Edmund Waller

(3 March 1606 – 21 October 1687 / Coleshill / Buckinghamshire / England)

To The King - Poem by Edmund Waller

[Upon His Majesty's Happy Return.]

The rising sun complies with our weak sight,
First gilds the clouds, then shows his globe of light
At such a distance from our eyes, as though
He knew what harm his hasty beams would do.

But your full majesty at once breaks forth
In the meridian of your reign. Your worth,
Your youth, and all the splendour of your state,
(Wrapped up, till now, in clouds of adverse fate!)
With such a flood of light invade our eyes,
And our spread hearts with so great joy surprise,
That if your grace incline that we should live,
You must not, sir! too hastily forgive.
Our guilt preserves us from the excess of joy,
Which scatters spirits, and would life destroy.
All are obnoxious! and this faulty land,
Like fainting Esther, does before you stand,
Watching your sceptre. The revolted sea
Trembles to think she did your foes obey.

Great Britain, like blind Polypheme, of late,
In a wild rage, became the scorn and hate
Of her proud neighbours, who began to think
She, with the weight of her own force, would sink.
But you are come, and all their hopes are vain;
This giant isle has got her eye again.
Now she might spare the ocean, and oppose
Your conduct to the fiercest of her foes.
Naked, the Graces guarded you from all
Dangers abroad; and now your thunder shall.
Princes that saw you, different passions prove,
For now they dread the object of their love;
Nor without envy can behold his height,
Whose conversation was their late delight.
So Semele, contented with the rape
Of Jove disguised in a mortal shape,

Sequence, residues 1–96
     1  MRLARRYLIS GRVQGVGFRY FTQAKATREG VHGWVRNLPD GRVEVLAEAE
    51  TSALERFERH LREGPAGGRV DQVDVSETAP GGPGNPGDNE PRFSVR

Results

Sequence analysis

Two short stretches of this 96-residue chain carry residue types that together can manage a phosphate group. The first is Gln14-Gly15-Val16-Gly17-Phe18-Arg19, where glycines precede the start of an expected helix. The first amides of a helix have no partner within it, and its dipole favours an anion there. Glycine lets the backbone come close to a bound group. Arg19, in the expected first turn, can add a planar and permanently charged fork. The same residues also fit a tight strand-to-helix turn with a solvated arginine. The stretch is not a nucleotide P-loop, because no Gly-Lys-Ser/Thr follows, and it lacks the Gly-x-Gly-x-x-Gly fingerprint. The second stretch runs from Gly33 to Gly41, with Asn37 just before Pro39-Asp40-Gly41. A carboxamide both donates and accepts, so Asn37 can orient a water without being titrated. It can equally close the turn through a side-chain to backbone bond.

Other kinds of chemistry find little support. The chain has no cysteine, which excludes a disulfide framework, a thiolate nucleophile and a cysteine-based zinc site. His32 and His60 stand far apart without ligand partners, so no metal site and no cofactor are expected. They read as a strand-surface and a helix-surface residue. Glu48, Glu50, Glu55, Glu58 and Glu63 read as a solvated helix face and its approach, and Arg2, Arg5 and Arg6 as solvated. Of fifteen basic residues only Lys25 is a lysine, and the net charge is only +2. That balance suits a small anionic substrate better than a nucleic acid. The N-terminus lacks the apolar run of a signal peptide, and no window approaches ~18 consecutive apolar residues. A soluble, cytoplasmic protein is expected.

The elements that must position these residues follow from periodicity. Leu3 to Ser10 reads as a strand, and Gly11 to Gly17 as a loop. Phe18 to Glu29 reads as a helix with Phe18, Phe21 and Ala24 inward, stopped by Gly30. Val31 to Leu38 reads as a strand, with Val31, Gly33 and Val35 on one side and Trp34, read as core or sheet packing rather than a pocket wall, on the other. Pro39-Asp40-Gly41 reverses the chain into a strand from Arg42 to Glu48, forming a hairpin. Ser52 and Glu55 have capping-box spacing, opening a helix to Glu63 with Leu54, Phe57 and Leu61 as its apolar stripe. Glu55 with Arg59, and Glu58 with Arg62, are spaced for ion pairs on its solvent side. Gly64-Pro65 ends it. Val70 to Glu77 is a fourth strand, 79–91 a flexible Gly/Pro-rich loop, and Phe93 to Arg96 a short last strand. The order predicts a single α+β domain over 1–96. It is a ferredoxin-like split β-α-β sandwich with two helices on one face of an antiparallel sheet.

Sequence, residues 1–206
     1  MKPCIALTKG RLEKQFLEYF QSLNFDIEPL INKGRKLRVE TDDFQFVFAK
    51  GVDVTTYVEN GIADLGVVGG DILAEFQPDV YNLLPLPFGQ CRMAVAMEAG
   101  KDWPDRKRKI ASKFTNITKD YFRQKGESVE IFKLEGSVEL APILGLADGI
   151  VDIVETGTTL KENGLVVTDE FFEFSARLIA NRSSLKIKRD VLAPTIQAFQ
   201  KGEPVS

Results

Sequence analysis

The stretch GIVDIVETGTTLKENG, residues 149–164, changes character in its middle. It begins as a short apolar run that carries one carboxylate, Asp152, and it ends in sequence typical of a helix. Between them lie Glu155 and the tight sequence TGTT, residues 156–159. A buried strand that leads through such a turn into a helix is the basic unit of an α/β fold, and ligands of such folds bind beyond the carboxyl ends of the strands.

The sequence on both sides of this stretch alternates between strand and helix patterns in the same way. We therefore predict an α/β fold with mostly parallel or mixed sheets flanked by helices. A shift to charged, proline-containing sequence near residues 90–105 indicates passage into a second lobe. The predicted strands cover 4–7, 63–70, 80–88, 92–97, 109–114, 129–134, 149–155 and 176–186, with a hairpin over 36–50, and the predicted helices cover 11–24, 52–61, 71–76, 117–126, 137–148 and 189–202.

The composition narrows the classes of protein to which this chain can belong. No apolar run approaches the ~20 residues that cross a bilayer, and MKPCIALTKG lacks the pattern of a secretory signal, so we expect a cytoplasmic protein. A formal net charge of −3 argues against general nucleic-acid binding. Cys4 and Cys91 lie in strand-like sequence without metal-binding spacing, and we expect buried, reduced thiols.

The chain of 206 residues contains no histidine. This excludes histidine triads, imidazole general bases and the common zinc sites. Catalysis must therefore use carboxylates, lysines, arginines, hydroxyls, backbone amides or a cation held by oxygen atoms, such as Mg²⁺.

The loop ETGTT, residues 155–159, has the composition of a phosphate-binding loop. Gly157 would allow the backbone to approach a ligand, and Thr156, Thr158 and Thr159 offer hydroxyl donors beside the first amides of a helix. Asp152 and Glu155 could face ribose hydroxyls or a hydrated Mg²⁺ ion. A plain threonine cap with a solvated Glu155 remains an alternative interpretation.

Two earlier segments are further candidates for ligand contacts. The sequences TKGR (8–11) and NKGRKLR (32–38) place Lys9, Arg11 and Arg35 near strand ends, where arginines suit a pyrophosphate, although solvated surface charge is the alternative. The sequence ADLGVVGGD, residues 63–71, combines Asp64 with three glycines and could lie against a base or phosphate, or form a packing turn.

When she beheld his hands with lightning filled,
And his bright rays, was with amazement killed.

And though it be our sorrow, and our crime,
To have accepted life so long a time
Without you here, yet does this absence gain
No small advantage to your present reign;
For, having viewed the persons and the things,
The councils, state, and strength of Europe's kings,
You know your work; ambition to restrain,
And set them bounds, as Heaven does to the main.
We have you now with ruling wisdom fraught,
Not such as books, but such as practice, taught.
So the lost sun, while least by us enjoyed,
Is the whole night for our concern employed;
He ripens spices, fruits, and precious gums,
Which from remotest regions hither comes.

This seat of yours (from the other world removed)
Had Archimedes known, he might have proved
His engine's force fixed here. Your power and skill
Make the world's motion wait upon your will.

Much suffering monarch! the first English born
That has the crown of these three nations worn!
How has your patience, with the barbarous rage
Of your own soil, contended half an age?
Till (your tried virtue, and your sacred word,
At last preventing your unwilling sword)
Armies and fleets which kept you out so long,
Owned their great sovereign, and redressed his wrong.
When straight the people, by no force compelled,
Nor longer from their inclination held,